- Red is ignorant of haircuts and words like "chair" and "room", due to being a fairy for most of her life. However, it's implied that she would be able to fit in had she paid better attention during her "So You're a Human Now" orientation classes.
- Zimmy was forced to raise herself in the back alleys of Birmingham, due to the immense psychological trauma her uncontrolled powers can inflict on the people around her.
- Jade Harley, Nepeta Leijon and Gamzee Makara in Homestuck. Though in Gamzee's case it might just be the effects of Faygo and sopor slime. Though he's much worse when he doesn't have the slime...
- Also, Meenah, who is the Brutally Honest type. Rose lampshades this in the first Act 6 Act 3 Intermission walkaround flash by telling her that she isn't very good with other people, is she, but admits that she isn't really as well, though that might just have been politeness. Either way, Meenah completely ignores the comment. Aranea could be seen as this as well, given that she admitted she never really had any friends other than Meenah because she was kind of a wordy show-off who always turned conversation back to herself.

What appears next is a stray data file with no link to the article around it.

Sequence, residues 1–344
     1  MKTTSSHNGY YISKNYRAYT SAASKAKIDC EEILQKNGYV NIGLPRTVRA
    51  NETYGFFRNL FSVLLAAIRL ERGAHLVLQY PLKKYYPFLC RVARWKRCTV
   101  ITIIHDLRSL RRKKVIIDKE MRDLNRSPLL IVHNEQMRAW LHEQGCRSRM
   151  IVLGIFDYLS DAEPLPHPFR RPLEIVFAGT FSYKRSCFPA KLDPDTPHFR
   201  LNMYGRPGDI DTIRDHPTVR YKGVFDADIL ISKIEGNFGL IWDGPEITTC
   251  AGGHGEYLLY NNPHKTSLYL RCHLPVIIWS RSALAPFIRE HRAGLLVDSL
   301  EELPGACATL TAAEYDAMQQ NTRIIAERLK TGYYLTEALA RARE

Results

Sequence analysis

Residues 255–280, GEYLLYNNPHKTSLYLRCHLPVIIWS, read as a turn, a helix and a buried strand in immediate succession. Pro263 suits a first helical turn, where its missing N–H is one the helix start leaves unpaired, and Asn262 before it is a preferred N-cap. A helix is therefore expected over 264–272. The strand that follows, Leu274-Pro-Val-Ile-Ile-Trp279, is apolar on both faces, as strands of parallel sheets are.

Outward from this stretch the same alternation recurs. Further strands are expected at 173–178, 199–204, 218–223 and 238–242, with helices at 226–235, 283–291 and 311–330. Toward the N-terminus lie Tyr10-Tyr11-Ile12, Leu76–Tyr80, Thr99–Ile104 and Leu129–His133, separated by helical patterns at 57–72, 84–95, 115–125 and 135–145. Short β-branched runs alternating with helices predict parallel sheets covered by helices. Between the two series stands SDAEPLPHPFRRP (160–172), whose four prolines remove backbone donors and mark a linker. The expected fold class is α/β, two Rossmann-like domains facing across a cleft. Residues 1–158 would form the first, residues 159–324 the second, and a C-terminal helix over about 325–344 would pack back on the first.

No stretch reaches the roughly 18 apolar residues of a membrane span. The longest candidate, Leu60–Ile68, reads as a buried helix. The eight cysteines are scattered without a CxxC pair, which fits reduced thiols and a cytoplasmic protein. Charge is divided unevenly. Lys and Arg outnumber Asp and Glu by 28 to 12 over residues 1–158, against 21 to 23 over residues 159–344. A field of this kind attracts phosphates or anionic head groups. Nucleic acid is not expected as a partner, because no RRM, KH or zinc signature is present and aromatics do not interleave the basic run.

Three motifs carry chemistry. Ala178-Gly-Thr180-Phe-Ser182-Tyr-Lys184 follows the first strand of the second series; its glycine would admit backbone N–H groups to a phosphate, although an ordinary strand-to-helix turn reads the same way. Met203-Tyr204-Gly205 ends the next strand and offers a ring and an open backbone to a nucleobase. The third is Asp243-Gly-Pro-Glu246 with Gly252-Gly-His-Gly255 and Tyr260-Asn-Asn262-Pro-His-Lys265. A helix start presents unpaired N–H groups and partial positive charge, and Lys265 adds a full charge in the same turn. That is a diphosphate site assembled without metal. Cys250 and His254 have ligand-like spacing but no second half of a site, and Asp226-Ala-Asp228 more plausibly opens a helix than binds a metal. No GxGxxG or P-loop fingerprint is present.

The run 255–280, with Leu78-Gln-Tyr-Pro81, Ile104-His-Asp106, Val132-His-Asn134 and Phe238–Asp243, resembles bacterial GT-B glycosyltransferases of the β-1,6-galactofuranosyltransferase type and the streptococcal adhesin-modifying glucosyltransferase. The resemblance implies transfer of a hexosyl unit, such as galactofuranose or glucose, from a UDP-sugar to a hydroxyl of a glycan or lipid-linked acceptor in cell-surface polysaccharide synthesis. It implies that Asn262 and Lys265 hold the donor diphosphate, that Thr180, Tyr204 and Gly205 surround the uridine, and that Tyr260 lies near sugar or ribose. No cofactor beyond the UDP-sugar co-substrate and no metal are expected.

- Jake is similar to Jade due to their near identical upbringings, but Jake's tendency to ramble on about his own problems and remain oblivious to other's feelings is to the point that it resembles some sort of disorder and colossally annoys the people around him to an extent never seen with Jade.
- Kankri, who is completely oblivious to the way his preaching grates on the other players in his session.
- In The Inexplicable Adventures of Bob!, Galatea was raised as a lab specimen by a Mad Scientist who never showed her any affection. When she escaped, she was wildly paranoid and her social skills were non-existent.
- Faevv of Juathuur has been an outcast her whole life, and as a result she seems incapable of acting nice.
- Hisaki from Kuro Shouri doesn't quite get how to socialize. He's often rude to people as a result, even in basic introductions.
- Mordecai Heller from Lackadaisy struggles with social situations outside of his contract-killing career, especially flirting (in one side comic he wishes he were a ficus after a misunderstanding between himself and a flapper results in an awkward encounter with said flapper’s angry friend).
- Taku from Mitadake Saga has no tact whatsoever. Not to mention he continues to pop up at the most inopportune of times.